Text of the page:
Making Sentences, Making Sense
Stanley Fish‘s wonderful new book, How To Write a Sentence: and How to Read One, opens with Annie Dillard‘s account (from her The Writing Life, which I have to read now) of a conversation between yet another writer and a student. The student asks the writer “Do you think I could be a writer?” and the writer answers, “Well, do you like sentences?” Dillard goes on to recall a conversation with a painter friend in which he says
be he came to be a painter because he liked the smell of paint. Fish then poses the question of whether, for the writer, words rather than sentences are the equivalent of paint for the painter, and his answer is an emphatic No: lists or jumbles of words don’t do anything until they are arranged in sentences, allowing meaning to appear.
Similarly, the Forward to Tony Hoagland‘s Real Sofistikation: Essays on Poetry and Craft ends “If a vision of poetry comes through, I expect it reflects an allegiance to experience as much as to art; a love for the sinuous human voice, for elaborate sentences, and for a certain brashness of imagination.”
Poets are writers, and writers make sentences: sentences make sense of the world, even when they’re wrong, even when they’re mad. We can’t tell that they’re mad or wrong if they don’t make sense to us.
In my last post I claimed that MFA program poetry suffers because “making poems that generate interesting class discussions is quite different from making poems that move readers, even those that move readers to think.” I wasn’t in an MFA program, but I did an MA in English with a Creative Thesis (meaning my thesis was a collection of my own poems) and I attended and taught many writing workshops. Here’s how they work.
Everybody in a graduate writing workshop is smart and well-read and everyone there is aware of the fact. Those who happen to be poets are also aware that publication of poetry is almost entirely restricted to university journals and presses. They know that the 10 to 15 poems per month appearing in The Atlantic and The New Yorker combined are providing a living for precisely no one, that the 40 or so in Poetry do exactly the same, that even Richard Wilbur makes his living translating classical French theater; that the only remotely possible living remotely related to writing poetry is teaching poetry or poetry workshops; and they know that there are more workshop classes in writing poetry than there are classes in reading poetry because, while neither are required undergraduate classes, there are lots more people who think they can write poetry than there are people who want to read poetry and then write about it.
In such a workshop, students rightly expect the teacher’s and the class’s attention to be focused on the writing of the students in it. It soon becomes apparent that no matter how good a piece is, not much time will be spent on it unless there’s a lot to say about it. With traditional poetic technique not really on the menu (and sometimes actively discouraged—I’ve heard students be told they were “brave” for trying, not to write a sonnet, but to present one to the class), cleverness, allusiveness, and obscurity are attractive strategies both for writing and for discussing poems in the class.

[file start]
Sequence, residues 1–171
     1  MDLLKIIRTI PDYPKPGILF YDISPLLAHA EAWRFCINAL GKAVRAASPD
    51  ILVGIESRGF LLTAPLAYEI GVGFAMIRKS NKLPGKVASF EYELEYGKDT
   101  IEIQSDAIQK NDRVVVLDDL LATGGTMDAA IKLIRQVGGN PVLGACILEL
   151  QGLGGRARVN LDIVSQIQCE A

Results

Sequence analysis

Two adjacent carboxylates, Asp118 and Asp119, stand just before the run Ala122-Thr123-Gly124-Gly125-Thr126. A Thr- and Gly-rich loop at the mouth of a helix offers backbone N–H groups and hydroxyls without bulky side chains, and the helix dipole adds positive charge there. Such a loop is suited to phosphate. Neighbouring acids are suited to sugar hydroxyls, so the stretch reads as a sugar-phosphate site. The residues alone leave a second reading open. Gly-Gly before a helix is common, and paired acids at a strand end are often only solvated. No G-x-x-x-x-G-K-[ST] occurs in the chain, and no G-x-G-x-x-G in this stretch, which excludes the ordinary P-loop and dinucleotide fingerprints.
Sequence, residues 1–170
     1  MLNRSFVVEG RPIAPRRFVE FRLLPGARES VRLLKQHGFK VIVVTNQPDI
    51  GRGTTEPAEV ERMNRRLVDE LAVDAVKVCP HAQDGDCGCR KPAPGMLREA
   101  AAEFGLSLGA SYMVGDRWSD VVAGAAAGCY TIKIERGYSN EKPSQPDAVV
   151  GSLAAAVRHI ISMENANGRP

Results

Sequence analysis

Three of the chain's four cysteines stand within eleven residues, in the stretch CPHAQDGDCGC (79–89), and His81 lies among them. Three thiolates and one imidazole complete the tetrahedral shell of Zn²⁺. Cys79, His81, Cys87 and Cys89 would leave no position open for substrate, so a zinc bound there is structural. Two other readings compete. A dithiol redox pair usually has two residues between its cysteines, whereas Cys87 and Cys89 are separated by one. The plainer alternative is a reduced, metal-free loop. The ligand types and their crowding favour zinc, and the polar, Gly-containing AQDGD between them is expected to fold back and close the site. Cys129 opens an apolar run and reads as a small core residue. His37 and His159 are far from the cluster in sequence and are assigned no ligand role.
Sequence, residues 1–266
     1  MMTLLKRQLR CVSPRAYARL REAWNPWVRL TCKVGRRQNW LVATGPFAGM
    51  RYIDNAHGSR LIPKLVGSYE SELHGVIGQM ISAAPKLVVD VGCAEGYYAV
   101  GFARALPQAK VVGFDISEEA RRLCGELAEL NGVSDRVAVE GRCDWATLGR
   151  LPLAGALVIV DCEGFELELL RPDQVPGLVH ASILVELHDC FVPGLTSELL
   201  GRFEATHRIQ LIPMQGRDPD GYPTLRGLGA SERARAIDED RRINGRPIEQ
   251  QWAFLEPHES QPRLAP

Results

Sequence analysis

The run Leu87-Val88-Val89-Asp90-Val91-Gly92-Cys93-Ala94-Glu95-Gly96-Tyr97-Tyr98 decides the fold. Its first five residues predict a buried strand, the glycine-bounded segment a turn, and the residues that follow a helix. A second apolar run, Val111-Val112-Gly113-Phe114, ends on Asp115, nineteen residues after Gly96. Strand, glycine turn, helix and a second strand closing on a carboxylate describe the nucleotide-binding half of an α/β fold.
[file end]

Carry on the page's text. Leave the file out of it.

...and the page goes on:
People get amazingly good at the latter without ever writing a good poem, and sometimes they get so good at it that they can no longer recognize just how bad are the poems produced in this way, or how silly are such virtuosic acts of explication. Here is an example.
Some of you went there and read the whole 1800 words (and it is a virtuoso performance). For the rest of you I’ll quote the first line of the book’s first poem (presented in its entirety in the review)
alacrity at time and yet the hulkish ness
and point out that the dot appearing by itself two spaces above the quoted line is referred to by the critic as an “interpunct” only because, together with the Latin title of the book in which the poem appears, doing so allows that critic to claim that the all lower-case text of the poem is “a sort of inverse Roman capital.”
It is no surprise find this soon after:
The reader and his/her labor, the text seems to insist, echoed by one of the sequence’s 3 epigraphs: “It is as labor, and not as communication, that the subject in art comes into its own” (Adorno).
I don’t think it mean-spirited to point out that we never learn from this broken sentence what it is that “the text” insists about the “reader and his/her labor.” Such poets, and such critics, don’t give a damn about the reader, but they can damn-sure impress a graduate workshop.
And the words slide into the slots ordained by syntax, and glitter as with atmospheric dust with those impurities which we call meaning.